• If you need to wipe your knife blade clean, do so with a dry cloth folded over the blade, with the cutting edge pointed away from you. Then carefully pull the blade through the folded towel or cloth.
  • When carrying knives around the kitchen, always hold it with the blade point down, parallel to your body. This is especially important when working with other cooks in the kitchen.
  • Never try to catch a falling knife. Mistakes happen, and no-one wants a chip or bend in their blade, but falling knives should be treated as though they have no handle! Step back, and allow it to fall.
  • Never leave your knives in a sink, or laying on top of random items. Knives can fall, shift, or be overlooked(ie:. in the sink), and become a safety hazard.
Related:  Outfitting Your Kitchen | Kitchen Knives And Their Uses

Cutting With Your Knife

We’ve covered the basics, how to care for your knives, how to properly hold a chefs knife, as well as some basic knife safety. Know let’s start using that knife!

In order to safely cut through foods quickly and effectively, you need to hold the food item that is being cut securely.

The safest way to do this is by curling your fingertips inward, and then gripping the food item being cut with only your fingertips and thumb. With your knife hand, place the point of the knife on the cutting board, use the knuckle of your index finger as a guide, and slice the knife downwards, bringing the heel of the knife all the way down.

It’s important to note that when you are curling in your fingers, your thumb should be slightly behind your index finger to prevent yourself from cutting of the tip of your thumb.

Gripping foods with only your curled fingertips may seem awkward at first, but you will quickly become used to it and become more confidant in your cutting technique.

*Please note the picture above on the right is an exagerated view of the correct way to hold food items while chopping.*

Basic Knife Cuts

You’ve done it! You now know how to properly care for, hold, and use a knife. While the topic of different knife cuts can be quite a in-depth topic based on regional styles and personal preferences, we wanted to leave you with a few basic French cuts almost all culinary students learn.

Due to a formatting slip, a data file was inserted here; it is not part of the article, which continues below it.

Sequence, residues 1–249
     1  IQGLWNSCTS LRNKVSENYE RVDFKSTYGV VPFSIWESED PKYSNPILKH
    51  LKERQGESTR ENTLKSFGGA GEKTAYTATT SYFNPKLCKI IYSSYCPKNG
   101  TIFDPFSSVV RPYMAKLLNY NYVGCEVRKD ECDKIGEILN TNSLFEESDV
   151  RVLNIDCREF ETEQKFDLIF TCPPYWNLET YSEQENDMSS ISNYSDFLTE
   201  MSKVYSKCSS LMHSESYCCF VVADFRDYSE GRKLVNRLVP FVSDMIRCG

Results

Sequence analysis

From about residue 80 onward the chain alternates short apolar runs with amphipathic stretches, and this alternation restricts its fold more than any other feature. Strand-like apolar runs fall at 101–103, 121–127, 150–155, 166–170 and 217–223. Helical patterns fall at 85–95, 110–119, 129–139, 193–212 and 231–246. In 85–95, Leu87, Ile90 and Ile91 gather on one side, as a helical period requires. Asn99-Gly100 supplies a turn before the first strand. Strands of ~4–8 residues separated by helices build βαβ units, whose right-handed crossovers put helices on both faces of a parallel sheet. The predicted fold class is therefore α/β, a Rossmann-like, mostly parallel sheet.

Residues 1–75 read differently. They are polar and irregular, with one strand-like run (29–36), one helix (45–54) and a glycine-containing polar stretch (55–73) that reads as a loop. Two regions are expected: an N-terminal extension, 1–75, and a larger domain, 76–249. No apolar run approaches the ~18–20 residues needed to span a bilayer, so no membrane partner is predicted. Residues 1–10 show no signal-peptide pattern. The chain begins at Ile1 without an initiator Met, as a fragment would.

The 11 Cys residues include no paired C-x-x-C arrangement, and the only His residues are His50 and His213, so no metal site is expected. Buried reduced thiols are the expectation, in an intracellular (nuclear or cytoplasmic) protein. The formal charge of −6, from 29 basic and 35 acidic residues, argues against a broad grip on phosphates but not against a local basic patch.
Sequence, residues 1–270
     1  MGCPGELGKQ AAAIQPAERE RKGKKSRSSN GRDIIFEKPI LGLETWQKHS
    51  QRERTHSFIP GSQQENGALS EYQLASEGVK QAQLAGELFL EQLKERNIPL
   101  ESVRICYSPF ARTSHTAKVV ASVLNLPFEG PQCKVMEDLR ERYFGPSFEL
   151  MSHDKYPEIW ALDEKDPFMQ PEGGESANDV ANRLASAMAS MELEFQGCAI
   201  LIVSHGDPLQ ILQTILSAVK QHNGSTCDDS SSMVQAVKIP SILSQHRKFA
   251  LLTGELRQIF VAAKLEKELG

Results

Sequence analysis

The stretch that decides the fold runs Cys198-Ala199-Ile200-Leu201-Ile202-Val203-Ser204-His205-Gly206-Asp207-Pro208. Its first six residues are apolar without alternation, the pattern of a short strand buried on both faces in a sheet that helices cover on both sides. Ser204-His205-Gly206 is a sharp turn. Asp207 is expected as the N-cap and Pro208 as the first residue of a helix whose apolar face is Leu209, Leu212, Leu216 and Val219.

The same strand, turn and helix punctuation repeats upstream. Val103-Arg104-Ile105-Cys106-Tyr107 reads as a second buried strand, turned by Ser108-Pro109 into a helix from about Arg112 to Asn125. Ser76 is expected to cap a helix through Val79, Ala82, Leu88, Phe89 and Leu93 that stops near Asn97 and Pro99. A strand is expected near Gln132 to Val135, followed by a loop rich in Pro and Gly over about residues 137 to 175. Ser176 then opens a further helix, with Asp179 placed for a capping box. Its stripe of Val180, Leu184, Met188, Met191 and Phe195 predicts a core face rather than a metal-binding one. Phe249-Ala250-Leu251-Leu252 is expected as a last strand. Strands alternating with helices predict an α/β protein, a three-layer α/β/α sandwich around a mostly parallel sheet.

You have probably seen these terms referenced in recipes (especially on our website here), and we want to clear up any confusion as to their meaning.

The most common knife cuts are:

  • brunoise – a 1- 2mm x 1- 2mm x 1-2cm size cube
  • small dice – a 3mm x3mm x 3mm size cube
  • medium dice – a 6mm x6mm x 6mm size cube
  • large dice – a 12 mm x 12mm x 12mm size cube
  • and julienne – a thin 1-2mm x 1-2mm x 4cm stick

As you can see the names refer to very specific sizes, and when prompted professional cooks should be able to produce these cuts and have very similar end results. This helps ensure uniform results in a large kitchen!

Cutting food items, brunoise, small dice, medium dice, or large dice, is easiest if you first cut the item into sticks. These sticks conveniently also correspond with each size of dice cut.

An overview of basic knife cuts which are an important part of your knife skills

So for example, if you cut a carrot into julienne-sized strips and then cut these strips horizontally into small cubes, the end result is a brunoise cut. The same goes for allumette and small dice, batonnet and medium dice, and baton and large dice.

All of these basic cuts are used on a regular basis in a professional kitchen and in order to further your knife skills and become a better cook at home, learning these skills is a good idea.

We are currently working on more specific knife skill guides, including guides such as ‘how to julienne an onion’, and more, so stay tuned!

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4 Comments

  1. Great post, Markus! I learned a few things and am going to bookmark this for future reference. Have a great weekend and thanks for sharing your knowledge with us!

  2. What a great post. Sometimes I wonder how those chefs get those exact little pieces so neat, tidy and identical….now I know…thanks!!

  3. Great breakdown of basic cutting techniques and a good refresher. Practicing and developing these skills are the foundation any kitchen master or mistress. The wonderful thing about cooking is that there is never a need not to learn more.

  4. Brings me back to culinary school, didn’t remember the allumette one though 😉 I agree with you, a good cook, need to know how to handle his knife. Thanks for sharing!